Sportsnet.ca is previewing the top 30 prospects in the 30 days leading up to the National Hockey League draft in New Jersey on June 30.
The top-ranked prospect is the all-world defenceman from the Portland Winterhawks, Seth Jones.
Stats: Portland Winterhawks (WHL) | 61 GP | 14 G | 42 A | 56 P | +46 | 33 PIM
Who is Seth Jones?
Seth Jones is the son of former NBA player, Ronald “Popeye” Jones. Seth took to hockey while his father was playing for the Denver Nuggets, and played minor hockey in Colorado and Dallas. He was a fan of the Detroit Red Wings as a kid and modeled his game after former Red Wings captain Nicklas Lidstrom.
Jones joined the United States National Team Development program in 2011 and represented the USA at the 2011 World Under-17 Hockey Challenge, earning a silver medal. He won back-to-back gold medals with Team USA at the 2011 and 2012 under-18 world championships, and was captain of the 2012 team. Jones also won a gold medal on USA’s world junior team in January.
Originally drafted by the Everett Silvertips, Jones’ rights were traded to Portland in May of 2012 and he opted to play for the Winterhawks in the Western Hockey League as opposed to playing college hockey. In Portland, Jones helped guide the Winterhawks to the Ed Chynoweth Cup as league champions, eventually losing in the MasterCard Memorial Cup final to the Halifax Mooseheads. He captured the WHL’s Jim Piggott Memorial Trophy as rookie of the year after finishing fourth in scoring by defencemen, and was named the CHL’s Jack Link’s Top Prospect of the Year.
Seth Jones’ scouting report:
Jones is the mobile, offensive defenceman every NHL team covets. He has great size at six-foot-four, 205 pounds, and is a fluid skater. He can start the offence by rushing the puck up ice or with an expertly-placed pass through the neutral zone. Jones’ vision and playmaking skills are off the charts for a defenceman, and sometimes his forwards aren’t even ready for his breakaway passes through the middle. The puck snaps off his blade and is always on the tape.
Jones also owns a potent slapshot from the blue-line and a pinpoint accurate shot from the slot. He will often jump up in the rush and act as a fourth forward and play down low in the offensive zone. His hand skills are outstanding and will enable him to be a big-time point-producer at the NHL level.
Although offence is his forte, Jones can play a stout defensive game. He uses his size well for positioning, but isn’t naturally aggressive or mean, which is something the scouting world wanted to see, especially considering his size. Jones projects to be a franchise player who can start the offence with a rush or pass.
Teams who might be interested in Seth Jones:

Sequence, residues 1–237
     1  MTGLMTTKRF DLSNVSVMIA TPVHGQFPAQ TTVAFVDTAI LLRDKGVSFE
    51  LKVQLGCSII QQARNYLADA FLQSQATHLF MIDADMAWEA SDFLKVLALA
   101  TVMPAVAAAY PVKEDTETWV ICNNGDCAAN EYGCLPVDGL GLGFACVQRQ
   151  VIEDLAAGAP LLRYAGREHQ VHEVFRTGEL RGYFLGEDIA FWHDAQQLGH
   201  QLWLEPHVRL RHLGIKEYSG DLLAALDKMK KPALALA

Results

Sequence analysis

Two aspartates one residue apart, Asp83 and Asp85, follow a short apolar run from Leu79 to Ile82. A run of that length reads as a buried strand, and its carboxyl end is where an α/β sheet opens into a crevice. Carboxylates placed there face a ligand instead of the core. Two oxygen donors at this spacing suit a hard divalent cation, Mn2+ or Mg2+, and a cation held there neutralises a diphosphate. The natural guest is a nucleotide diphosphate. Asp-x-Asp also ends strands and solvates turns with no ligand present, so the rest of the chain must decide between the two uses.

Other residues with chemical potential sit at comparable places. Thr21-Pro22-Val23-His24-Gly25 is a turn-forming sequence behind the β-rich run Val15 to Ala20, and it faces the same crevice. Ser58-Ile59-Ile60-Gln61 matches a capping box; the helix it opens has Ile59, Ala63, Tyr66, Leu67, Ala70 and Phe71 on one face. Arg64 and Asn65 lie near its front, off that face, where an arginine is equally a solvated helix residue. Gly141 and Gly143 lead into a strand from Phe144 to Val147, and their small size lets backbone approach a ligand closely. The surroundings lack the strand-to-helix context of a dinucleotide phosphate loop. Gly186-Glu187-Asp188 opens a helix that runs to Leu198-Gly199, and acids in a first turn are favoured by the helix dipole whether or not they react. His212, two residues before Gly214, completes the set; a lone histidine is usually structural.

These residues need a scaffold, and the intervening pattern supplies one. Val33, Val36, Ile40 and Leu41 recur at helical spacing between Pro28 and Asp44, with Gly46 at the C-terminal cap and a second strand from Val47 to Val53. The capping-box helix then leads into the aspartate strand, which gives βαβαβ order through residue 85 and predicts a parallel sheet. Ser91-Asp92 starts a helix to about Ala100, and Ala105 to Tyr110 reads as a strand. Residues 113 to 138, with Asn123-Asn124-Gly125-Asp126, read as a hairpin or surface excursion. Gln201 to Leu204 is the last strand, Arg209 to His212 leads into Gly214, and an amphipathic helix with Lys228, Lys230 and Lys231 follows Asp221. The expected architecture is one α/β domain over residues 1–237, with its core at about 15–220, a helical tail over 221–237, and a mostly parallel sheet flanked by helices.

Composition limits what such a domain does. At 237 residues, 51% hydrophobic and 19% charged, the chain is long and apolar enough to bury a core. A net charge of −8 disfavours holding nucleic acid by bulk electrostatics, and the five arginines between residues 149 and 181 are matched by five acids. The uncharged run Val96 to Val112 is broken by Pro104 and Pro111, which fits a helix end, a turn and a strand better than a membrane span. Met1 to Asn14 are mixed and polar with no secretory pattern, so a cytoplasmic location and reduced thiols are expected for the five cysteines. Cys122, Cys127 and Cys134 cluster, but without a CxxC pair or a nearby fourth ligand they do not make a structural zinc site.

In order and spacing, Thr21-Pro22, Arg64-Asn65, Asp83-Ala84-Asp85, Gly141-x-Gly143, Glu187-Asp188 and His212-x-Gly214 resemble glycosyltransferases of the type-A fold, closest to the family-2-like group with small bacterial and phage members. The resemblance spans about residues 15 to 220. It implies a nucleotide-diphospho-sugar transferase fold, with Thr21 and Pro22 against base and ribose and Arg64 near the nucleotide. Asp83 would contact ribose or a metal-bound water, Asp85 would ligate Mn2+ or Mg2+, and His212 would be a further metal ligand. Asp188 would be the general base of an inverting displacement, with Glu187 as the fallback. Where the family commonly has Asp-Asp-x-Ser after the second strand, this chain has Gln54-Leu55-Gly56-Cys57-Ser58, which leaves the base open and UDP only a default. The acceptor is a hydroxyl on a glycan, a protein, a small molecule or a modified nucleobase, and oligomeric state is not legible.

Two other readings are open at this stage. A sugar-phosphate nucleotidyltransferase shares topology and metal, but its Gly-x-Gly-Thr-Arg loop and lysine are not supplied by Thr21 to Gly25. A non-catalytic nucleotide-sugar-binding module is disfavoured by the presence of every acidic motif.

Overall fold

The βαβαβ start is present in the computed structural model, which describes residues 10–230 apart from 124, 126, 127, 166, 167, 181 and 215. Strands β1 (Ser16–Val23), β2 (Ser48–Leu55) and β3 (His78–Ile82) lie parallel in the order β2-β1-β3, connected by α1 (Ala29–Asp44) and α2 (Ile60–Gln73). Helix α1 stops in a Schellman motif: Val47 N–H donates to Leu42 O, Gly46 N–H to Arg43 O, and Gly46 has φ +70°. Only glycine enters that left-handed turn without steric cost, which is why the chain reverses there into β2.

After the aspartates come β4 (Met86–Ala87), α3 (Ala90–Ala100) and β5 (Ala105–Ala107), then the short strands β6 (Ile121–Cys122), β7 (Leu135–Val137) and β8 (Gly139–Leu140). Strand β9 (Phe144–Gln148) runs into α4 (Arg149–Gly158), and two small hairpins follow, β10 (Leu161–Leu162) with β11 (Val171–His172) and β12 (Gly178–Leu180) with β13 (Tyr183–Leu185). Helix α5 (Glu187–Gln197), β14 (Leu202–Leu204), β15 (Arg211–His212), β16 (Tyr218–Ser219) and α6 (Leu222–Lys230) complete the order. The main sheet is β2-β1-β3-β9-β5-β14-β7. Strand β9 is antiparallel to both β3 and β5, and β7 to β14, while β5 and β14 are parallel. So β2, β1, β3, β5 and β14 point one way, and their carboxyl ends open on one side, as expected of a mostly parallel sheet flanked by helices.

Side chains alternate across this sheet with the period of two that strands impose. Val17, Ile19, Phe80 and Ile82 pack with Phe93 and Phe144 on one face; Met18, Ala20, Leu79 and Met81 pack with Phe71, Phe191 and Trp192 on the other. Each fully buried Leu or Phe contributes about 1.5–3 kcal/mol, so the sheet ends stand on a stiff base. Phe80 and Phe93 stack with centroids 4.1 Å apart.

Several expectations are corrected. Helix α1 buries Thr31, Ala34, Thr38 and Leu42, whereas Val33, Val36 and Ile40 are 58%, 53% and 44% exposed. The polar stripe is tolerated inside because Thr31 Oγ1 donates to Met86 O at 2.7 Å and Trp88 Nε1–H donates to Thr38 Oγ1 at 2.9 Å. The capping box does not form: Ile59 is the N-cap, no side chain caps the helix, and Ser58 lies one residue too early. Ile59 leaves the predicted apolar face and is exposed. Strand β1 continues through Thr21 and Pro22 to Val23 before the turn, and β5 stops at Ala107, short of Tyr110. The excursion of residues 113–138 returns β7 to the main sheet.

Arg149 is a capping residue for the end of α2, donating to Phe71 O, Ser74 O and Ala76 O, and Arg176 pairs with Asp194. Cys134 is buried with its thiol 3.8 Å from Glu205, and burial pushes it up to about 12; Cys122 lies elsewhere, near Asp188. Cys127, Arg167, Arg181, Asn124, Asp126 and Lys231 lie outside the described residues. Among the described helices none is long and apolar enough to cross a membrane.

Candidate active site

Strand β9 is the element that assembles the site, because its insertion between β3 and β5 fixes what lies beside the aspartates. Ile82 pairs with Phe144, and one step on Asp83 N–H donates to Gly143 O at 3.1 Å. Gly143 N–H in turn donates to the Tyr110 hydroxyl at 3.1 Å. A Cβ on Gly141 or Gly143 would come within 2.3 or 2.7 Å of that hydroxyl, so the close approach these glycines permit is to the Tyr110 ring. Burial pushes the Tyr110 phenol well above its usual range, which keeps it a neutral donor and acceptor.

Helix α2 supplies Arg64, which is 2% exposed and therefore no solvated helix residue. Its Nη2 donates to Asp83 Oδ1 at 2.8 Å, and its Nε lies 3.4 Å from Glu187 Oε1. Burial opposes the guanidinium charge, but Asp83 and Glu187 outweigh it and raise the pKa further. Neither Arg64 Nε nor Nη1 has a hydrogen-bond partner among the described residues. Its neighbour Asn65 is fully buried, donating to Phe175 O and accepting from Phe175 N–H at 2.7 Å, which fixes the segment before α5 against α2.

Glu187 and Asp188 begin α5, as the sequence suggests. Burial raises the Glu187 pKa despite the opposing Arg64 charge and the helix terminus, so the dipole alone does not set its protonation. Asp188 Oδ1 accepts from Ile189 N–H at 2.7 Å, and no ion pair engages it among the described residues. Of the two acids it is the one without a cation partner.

The Colorado Avalanche and Florida Panthers will be in the market for Jones’ services. Although the Avalanche are said to be interested in a forward for the first-overall pick, Jones is such a dynamic defenceman that he could force them to reconsider – if they aren’t already trying a misdirection by publicly stating their preference for a forward. Should he be available for the second pick, the Panthers may not have to think hard about their choice. Jones would make an immediate impact in Florida at a position of need.
Scout’s take: “There’s not much more Seth Jones could have done this year,” says David Burstyn, director of scouting for McKeen’s Hockey. “His junior career could arguably be one of the best ever when you look at the success he had at the international stage and in the WHL. This is a player that has the capacity to not only step into the NHL next year, but probably play some power-play minutes as well due to his shot and due to his ability to anchor the power-play.
“He’s an elite-level skater in terms of his glossy pivots,” Burstyn continues. “His ability to jump into the play, his ability to read and react accordingly to the play is top notch. Seth Jones is another player that can rush the puck or he can make a pass. At times, he can get a little bit careless in his own zone. He doesn’t mark his man quickly enough and he doesn’t hold his position, but these are all things I view as being coachable. If he can come and play at the NHL level with a little bit more of a heightened level of aggression and physicality, that will only round out his package. Considering all the other attributes he brings to the table with his skating, his speed, his skill and his size, Jones has the potential to be a quality minute-muncher playing upwards of 25 minutes a game at the NHL level, while producing points and keeping players in check.”
“Jones is almost everything you could ever want in a defender,” adds Ross MacLean, head scout for International Scouting Services. “He is big, strong, rangy and incredibly intelligent. I remember watching him at the U18s last year and thinking that this was the best U18 defender I had watched to that point. He is very mature and can play in all three zones very well. His understanding of the whole game is not something you see in many defenders, even the most elite.
“He still has a lot of room to continue to build on his technical skills and get bigger and stronger. While most look at Jones and get the idea that he could be a Chris Pronger-type defender, Jones is more of a Lidstrom-style defender, calculating his time and space well and using his stick more to separate players than playing mean and using his body. He almost never panics and his poise with the puck is that of a seasoned pro, not a kid who has yet to play an NHL game. He is a franchise defender who can stabilize, not just a defensive crops, but an entire team.”
Rankings: Jones was ranked first by the NHL’s Central Scouting (North American skaters), first by McKeen’s Hockey and second by International Scouting Services.